by Daya Mata: Many in the world today are filled with tension and insecurity. This is because man has not learned the teaching of Christ: “All they that take the sword shall perish with the sword.” When to attain its ends, self-centeredness resorts to the sword of aggressive behavior, destruction is the inevitable result of that conflict. In other words, so long as we think—as we have for centuries—that the way to success, happiness, and freedom is through indulging our lower nature and fighting anyone who gets in our way, so long we will never know peace of mind. Negative feelings and attitudes—selfishness, hatred, greed, prejudice, worldliness—create tension within the individual; and, on a universal scale, result in war. Here are a few practical ideas that can benefit all of us, on how to avoid tensions.
“Keep the mind calm through practice of meditation.” When we become tense, we are excitable. Our thinking is too fast. We lose the natural harmonious relationship between mind and body. We know that all our physical responses originate in the mind, so to overcome tension we must first bring the mind under control. When we learn to calm the mind, we can calm the body. That is one reason why there is such a great interest in meditation throughout the world today. The value of the Hong-Sau technique of our Gurudeva Paramahansa Yogananda is its remarkable effectiveness in calming the mind. I encourage all of you to practice it regularly; I never miss it. Whenever I have a few spare moments in my room, or when waiting for people, I practice this technique. By doing so, one arrives at a wonderful state of inner peace.
“Think one thought at a time.” When too many thoughts crowd in on us, pressure begins to build up inside. Get into the habit of thinking calmly — one thought at a time.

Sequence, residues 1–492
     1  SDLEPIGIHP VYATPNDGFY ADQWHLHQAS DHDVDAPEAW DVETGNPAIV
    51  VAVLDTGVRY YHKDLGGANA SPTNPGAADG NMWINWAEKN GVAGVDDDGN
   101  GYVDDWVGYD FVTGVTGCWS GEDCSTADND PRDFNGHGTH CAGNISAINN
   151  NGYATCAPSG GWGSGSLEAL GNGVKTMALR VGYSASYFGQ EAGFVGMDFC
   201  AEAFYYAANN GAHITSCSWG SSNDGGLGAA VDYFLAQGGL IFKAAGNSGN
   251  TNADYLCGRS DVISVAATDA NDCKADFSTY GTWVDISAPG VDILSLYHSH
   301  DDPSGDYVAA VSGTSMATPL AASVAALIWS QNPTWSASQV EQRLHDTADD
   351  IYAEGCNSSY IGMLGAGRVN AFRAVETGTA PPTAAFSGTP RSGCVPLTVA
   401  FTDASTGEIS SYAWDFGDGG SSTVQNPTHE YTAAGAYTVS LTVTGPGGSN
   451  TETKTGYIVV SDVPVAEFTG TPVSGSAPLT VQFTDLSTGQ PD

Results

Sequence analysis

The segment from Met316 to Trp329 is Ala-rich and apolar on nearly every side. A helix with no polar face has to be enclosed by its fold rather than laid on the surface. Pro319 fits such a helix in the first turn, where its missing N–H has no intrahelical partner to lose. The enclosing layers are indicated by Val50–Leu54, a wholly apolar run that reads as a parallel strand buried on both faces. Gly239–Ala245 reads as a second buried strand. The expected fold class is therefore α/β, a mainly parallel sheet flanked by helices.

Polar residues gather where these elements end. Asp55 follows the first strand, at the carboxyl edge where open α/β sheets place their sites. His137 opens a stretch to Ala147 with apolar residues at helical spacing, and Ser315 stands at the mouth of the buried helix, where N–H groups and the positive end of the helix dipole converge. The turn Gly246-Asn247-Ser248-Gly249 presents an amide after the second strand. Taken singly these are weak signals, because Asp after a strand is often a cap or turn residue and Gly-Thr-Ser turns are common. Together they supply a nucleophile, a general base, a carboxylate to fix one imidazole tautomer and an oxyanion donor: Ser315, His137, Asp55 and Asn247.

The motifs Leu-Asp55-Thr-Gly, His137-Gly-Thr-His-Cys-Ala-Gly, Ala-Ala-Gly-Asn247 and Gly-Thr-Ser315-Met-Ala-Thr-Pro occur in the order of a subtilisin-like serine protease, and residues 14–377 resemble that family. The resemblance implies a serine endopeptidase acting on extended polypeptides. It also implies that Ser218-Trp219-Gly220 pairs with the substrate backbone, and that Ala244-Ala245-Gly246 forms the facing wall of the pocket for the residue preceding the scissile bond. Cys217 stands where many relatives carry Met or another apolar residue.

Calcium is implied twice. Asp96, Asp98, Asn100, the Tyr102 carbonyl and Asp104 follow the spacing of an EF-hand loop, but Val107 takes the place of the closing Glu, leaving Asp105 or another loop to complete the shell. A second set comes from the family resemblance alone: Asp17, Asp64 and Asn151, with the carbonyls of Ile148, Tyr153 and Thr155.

“Don’t interrupt others while they are talking. Let them complete their sentences.” We have a tendency to interrupt others when we feel under pressure. Learn to let others finish what they have to say before you respond. On the other hand, we must take this a step further and say, “Let the person who is talking not go on endlessly.” The individual who talks too much is insecure; he feels he must constantly explain his ideas and actions to others. This is not necessary. Learn to be a listener rather than a talker.
“Read books that require deep concentration.” Do not read trash. Take just one or two paragraphs from a good book, such as one of Guruji’s, and read slowly. When you have finished, ask yourself if you have understood. If not, reread the passage until you feel you have completely grasped its meaning. Then go on to the next thought.
“Learn to eat slowly.” Gulping down food is an expression of nervous tension. Scientists say that we should chew our food more, even liquid foods. Additionally, Guruji discouraged talking at the table, because it distracts you from concentrating on what you are eating; and this in turn inhibits the proper functioning of the life force that is responsible for digesting and assimilating the food. So learn to eat more slowly, and in silence. Another advantage is that the more slowly and thoughtfully you eat, the less food you require. When you eat quickly and absentmindedly, you gulp it down and cannot wait to get more into your mouth. And that, if it goes to an extreme, becomes compulsive eating—all the result of tension.
“Exercise regularly.” Master was an avid advocate of this. Every night at Encinitas, no matter how late it was, Guruji took us out on the veranda, and we did our Energization Exercises with him. (…) And in addition he encouraged us to walk or run regularly. Don’t forget to combine it with the deep breathing Guruji teaches. This is especially important for those who lead a somewhat sedentary life, and therefore do not get sufficient oxygen into their lungs. (…)
Keep life simple. Learn to appreciate and enjoy unsophisticated pleasures. I am happy to see so many people today getting back to that ideal. Some individuals are so full of tension and restlessness, it is impossible for them to look at the beauties of nature—a tree, or a sunset —and appreciate them.